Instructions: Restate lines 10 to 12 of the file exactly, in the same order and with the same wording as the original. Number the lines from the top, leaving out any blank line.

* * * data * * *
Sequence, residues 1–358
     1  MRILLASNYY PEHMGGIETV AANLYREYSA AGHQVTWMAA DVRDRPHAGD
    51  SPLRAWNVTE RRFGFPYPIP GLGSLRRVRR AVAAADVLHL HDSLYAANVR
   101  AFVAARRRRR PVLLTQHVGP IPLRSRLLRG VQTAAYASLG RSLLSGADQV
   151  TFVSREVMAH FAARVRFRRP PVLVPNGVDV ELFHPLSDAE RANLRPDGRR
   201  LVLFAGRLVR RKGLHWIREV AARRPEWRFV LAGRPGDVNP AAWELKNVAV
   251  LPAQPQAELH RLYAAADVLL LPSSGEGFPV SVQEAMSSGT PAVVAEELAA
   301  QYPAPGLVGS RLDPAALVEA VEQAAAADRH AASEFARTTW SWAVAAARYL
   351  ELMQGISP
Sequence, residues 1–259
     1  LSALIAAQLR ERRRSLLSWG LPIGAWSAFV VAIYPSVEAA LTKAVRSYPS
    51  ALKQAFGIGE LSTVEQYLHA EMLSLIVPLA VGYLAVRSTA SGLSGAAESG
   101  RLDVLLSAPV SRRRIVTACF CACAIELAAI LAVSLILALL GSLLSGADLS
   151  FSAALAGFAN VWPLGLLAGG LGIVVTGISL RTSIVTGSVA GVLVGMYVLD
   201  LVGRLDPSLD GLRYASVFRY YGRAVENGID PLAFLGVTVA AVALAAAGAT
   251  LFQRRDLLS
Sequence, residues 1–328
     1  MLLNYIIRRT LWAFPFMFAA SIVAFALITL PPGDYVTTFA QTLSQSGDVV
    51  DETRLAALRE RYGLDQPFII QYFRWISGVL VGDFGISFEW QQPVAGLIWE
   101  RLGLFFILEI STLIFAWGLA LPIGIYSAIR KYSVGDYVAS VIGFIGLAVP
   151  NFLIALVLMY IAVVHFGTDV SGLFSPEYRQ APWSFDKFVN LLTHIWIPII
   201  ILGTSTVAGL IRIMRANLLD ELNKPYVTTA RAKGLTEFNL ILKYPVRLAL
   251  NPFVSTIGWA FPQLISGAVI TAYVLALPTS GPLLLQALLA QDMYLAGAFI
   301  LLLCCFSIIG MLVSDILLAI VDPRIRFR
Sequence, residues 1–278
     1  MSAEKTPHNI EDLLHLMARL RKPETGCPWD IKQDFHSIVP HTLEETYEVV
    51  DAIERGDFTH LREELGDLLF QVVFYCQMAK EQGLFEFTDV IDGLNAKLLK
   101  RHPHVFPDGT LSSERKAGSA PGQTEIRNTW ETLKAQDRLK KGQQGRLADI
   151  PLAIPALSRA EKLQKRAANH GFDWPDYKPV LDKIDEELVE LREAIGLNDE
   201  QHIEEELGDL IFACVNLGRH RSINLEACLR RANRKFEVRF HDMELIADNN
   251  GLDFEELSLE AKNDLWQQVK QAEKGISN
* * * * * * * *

Sequence, residues 1–259
     1  LSALIAAQLR ERRRSLLSWG LPIGAWSAFV VAIYPSVEAA LTKAVRSYPS
    51  ALKQAFGIGE LSTVEQYLHA EMLSLIVPLA VGYLAVRSTA SGLSGAAESG